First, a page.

Just before that he took an off shoot on the MLB domestic violence policy to comment that he has a friend who is being abused by his wife and somebody ought to do something about that also.

  49. If teams agree to our price on Miller then we are getting top dollar and it’s the right time to move him.

  50. Looks like Tyler Flowers will be a Brave. The CBeth era looks to be coming to an end before it gets started.

  51. I don’t feel great about a Flowers/AJP platoon, but I don’t think there was a catcher that would sign for $3m AAV that could hit lefties like I wanted. But we are slowly but surely plugging the holes with acceptable short-term players that don’t block others, which I like.

    Bethancourt is only 24 years old. I think this will be his last year to get it together.

  52. Jayson Stark: “Teams that have talked to Braves about Shelby Miller say the price isn’t coming down. One exec guessed chance he’s dealt is 2 on scale of 10”

  53. Oh, thank God… I was starting to worry that I wouldn’t be able to watch Shelby Miller pitch for a 68 win team.

    Also, isn’t Bethancourt out of options?

  54. This just in, though no word yet on who the Braves get.

    Ken RosenthalVerified account
    Sources: #DBacks agree to acquire Shelby Miller from #Braves, pending a review of medical records.

    Buster Olney reporting that A.J. Pollock not included in trade.

  55. Finish last, why not? Between the Braves, Marlins & Phillies, this’ll all approximate the sound of your toilet flushing.

    BTW, Ben Zobrist to Cubs, 4 years, $56M.

    Cubs’ Starling Castro traded to Yankees for Adam Warren & Brendan Ryan.

  56. Joel Sherman reporting that Braves get Ender Inciarte and others for Miller.

    Nick Piecoro:
    Hearing from multiple sources Ender Inciarte, Aaron Blair and Dansby Swanson are involved in the Shelby Miller deal.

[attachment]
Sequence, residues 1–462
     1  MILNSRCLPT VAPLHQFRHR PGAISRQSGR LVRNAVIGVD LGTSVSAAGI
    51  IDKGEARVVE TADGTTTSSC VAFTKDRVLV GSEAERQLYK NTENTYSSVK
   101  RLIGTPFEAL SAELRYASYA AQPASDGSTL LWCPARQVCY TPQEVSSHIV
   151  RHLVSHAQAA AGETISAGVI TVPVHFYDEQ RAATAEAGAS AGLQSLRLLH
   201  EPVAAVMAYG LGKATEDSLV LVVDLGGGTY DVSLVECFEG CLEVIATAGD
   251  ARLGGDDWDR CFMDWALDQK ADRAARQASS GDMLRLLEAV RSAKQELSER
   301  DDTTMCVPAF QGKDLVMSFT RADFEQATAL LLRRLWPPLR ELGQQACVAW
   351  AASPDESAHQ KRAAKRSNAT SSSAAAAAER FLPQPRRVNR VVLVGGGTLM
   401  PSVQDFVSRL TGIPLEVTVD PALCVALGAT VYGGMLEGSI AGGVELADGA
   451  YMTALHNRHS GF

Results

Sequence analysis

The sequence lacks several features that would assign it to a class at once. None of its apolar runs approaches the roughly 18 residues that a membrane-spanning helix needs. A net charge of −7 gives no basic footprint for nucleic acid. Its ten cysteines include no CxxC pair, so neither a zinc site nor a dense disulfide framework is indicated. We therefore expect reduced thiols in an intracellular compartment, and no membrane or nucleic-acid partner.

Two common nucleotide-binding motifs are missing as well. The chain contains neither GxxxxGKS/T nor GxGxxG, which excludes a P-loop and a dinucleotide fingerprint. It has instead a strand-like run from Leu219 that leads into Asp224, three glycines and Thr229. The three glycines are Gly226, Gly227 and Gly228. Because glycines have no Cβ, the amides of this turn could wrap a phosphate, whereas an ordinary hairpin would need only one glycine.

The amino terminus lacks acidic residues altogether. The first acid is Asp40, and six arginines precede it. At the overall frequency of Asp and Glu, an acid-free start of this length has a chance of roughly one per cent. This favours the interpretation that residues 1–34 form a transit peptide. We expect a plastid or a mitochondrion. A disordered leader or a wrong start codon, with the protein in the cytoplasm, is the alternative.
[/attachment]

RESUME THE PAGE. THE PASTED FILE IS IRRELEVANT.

Olney points out that Swanson was #1 pick of 2015 draft.

  57. What is an Ender Inciarte? And more importantly, what do you guys think we can trade him for?

  58. Inciarte is a very good defender who can play center and has a little upside. This is a great deal. Exactly what I wanted.

  59. Remember a few year’s back when the Braves had to either trade Delgado or Teheran to the Diamondbacks?

  60. Braves traded 1 year of Heyward for 1 year of Shelby Miller, 6 yrs of Tyrell Jenkins/Aaron Blair/#1 overall pick Swanson, 5 yrs of Inciarte.— Jonah Keri (@jonahkeri) December 9, 2015

    I think it’s very safe to say that the Braves won the Heyward trade.

  61. This is an amazing haul.

    Unless it’s like when we acquired Justin Upton and it was 30 min before we learned Prado was included. If we find out in 30 minutes that we had to include Albies, my opinion might change.

  62. Braves including a minor leaguer in the Miller trade as per Bowman.

    Edit @104: Ha. Albies for Swanson straight up – would you do it?

  63. @104 – I would. But I wouldnt trade Miller for Inciarte and Blair.

    Fwiw, dbacks beat guy reporting it’s Gabe Speier going back. We got him with Krol in the Maybin deal.

  64. I’m glad they stuck to their guns with regards to getting a premium young hitter for Miller. If they talked themselves into trading him for a couple of pitchers the way they did with Simmons, I would have been furious.

    I am curious as to when they plan to stop shuffling assets and start putting a team together, though.

  65. I’d point out that this deal doesn’t really work without moving Simmons for our #1 pitching prospect. It’s a process. Can we all step off the ledges, now?